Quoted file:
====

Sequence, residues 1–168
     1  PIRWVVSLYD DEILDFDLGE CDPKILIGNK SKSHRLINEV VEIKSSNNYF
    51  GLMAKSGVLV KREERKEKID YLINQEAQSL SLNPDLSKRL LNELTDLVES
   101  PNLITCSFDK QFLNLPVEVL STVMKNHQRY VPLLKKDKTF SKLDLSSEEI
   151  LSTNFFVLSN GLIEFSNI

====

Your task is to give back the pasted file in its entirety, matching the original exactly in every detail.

Sequence, residues 1–168
     1  PIRWVVSLYD DEILDFDLGE CDPKILIGNK SKSHRLINEV VEIKSSNNYF
    51  GLMAKSGVLV KREERKEKID YLINQEAQSL SLNPDLSKRL LNELTDLVES
   101  PNLITCSFDK QFLNLPVEVL STVMKNHQRY VPLLKKDKTF SKLDLSSEEI
   151  LSTNFFVLSN GLIEFSNI